A Pause After the Storms: Following two years of painful catastrophes, ILS investors are waiting for claims to be paid so capital can be released. However, they remain committed to the market.
Besides the massive in-flow, ILS funds delivered dependable returns, averaging nearly 5% annually for more than a decade.
But then came 2017 and hurricanes Harvey, Irma and Maria. And then came 2018, and Hurricane Michael, Typhoon Jebi and particularly the California wildfires.
Those events left billions in trapped capital waiting for the losses to be tallied and the claims paid. After two straight difficult years, investors have grown cautious.
"Investors' confidence in the market was clearly shaken over the course of the past two years" Rick Pagnani, executive vice president and head of Pimco's ILS business, said.
"While the asset class still represents an attractive alternative investment, ILS investors have learned a hard lesson on the importance of manager selection."
As a result, many fund managers struggled to attract new investors and retain existing ones to replenish the Jan. 1 renewals and reinstate their positions.
The 2018 losses and a capacity crunch in the collateralized property cat retrocession space-precipitated by investors seeking higher returns and tightening terms--drove up pricing, according to the February Best's Market Segment Report, Reinsurance: Will Investor Losses Lead to a Rising Tide for Pricing?
"A lot of these funds were deploying capital in risks that they did not understand or risks they were not aware they were writing--like the California wildfires," said Mariza Costa, senior financial analyst, AM Best. "These investors were taken aback by the amount of capital that they lost."
However, despite the pullback, observers expect capacity to return in 2020--provided rates continue to rise and a third straight year of extreme natural catastrophe losses does not unfold.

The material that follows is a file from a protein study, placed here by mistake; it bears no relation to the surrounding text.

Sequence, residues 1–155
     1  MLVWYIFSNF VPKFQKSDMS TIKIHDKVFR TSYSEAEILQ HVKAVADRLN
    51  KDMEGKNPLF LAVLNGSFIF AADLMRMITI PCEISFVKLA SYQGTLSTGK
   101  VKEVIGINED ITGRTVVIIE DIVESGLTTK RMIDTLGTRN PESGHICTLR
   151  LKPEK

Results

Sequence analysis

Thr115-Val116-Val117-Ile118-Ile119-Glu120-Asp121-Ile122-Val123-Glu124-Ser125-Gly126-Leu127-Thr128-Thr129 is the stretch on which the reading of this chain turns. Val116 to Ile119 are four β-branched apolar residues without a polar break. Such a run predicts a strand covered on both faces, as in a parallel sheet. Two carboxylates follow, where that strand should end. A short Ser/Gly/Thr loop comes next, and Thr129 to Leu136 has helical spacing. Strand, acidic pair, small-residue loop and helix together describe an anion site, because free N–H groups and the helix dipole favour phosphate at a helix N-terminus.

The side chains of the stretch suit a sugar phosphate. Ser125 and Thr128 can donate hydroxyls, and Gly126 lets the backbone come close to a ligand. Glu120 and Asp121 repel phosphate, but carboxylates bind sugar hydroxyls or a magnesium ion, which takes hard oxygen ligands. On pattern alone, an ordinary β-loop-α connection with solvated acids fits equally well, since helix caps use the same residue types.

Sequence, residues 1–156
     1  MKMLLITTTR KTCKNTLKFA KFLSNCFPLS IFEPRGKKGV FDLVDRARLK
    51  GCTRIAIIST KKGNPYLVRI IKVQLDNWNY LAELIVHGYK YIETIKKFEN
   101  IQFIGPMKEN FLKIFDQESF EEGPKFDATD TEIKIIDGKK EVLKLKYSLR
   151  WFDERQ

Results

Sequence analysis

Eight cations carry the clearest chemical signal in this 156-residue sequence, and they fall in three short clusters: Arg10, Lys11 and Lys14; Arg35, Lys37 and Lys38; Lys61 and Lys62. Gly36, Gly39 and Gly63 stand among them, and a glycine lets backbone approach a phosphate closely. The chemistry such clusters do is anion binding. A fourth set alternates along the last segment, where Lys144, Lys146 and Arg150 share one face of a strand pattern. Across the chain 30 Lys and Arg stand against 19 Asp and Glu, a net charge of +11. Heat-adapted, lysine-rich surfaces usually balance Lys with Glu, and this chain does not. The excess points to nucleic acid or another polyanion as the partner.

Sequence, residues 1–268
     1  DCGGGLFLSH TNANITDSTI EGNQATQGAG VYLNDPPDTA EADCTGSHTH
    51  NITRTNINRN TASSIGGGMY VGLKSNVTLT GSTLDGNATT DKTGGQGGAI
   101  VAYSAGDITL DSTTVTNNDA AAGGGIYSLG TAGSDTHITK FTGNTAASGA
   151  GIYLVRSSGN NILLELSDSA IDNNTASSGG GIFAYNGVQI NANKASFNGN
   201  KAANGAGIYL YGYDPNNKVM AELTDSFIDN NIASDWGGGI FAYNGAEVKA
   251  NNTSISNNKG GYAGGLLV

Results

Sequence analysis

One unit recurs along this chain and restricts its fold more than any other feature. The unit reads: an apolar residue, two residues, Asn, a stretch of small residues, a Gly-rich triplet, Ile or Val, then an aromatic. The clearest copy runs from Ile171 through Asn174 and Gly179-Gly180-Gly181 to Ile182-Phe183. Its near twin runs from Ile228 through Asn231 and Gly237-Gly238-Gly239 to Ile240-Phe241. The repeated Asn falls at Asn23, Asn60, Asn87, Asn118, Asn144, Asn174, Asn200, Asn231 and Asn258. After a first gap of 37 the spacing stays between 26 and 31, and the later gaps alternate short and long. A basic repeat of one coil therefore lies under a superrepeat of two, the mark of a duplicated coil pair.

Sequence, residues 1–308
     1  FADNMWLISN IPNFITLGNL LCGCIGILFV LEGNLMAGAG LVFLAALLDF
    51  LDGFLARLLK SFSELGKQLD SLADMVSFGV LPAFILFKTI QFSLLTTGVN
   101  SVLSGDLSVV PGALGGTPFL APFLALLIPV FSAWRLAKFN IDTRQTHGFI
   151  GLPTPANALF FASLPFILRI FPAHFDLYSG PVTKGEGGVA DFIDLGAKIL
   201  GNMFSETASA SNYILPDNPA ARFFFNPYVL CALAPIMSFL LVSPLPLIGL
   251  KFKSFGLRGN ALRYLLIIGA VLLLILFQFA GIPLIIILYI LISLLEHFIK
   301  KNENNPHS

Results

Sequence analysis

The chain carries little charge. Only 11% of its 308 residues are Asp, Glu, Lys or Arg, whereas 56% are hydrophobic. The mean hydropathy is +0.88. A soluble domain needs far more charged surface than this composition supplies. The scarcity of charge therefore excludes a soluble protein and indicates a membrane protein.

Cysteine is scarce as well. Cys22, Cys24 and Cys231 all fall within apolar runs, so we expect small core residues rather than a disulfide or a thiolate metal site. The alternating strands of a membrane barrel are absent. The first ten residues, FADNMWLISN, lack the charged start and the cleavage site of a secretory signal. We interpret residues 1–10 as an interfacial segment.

Insurers and reinsurers themselves certainly aren't abandoning the market. They are betting on ILS as well, with some acquiring third-party fund managers over the past few years or even launching their own ILS businesses.
They view ILS as a new revenue stream amid the prolonged low rate environment, earning potential profits by charging fees for underwriting and structuring risk.
"We've seen that everybody wants to have a piece of it," Costa said. "Insurers see that it helps their own profitability, their relationships, their relevancy in the market. It lowers their cost of capital.
"It frees up their balance sheet because they're not writing it on their own--they're writing it through these vehicles. And it allows them to diversify and write risks that they otherwise would not be able to."
AIG acquired Validus Holdings, which controls ILS asset manager AlphaCat, in 2018 for $5.6 billion.
Markel acquired CATCo Investment Management in 2015 and Nephila Holdings in August 2018. Scor Investment Partners acquired Coriolis Capital in May.
And earlier this year, Allianz subsidiary Pimco launched its own ILS business.
"We saw an opportunity to create a differentiated ILS platform in the market, with a value proposition based on direct access to distinctive risk, high quality underwriting and independence," Pagnani said.
The "distinctive risk" he referred to is Allianz's global books of business, which are largely unavailable to the open market. Pimco can also source risk from third parties.
But it's hardly alone.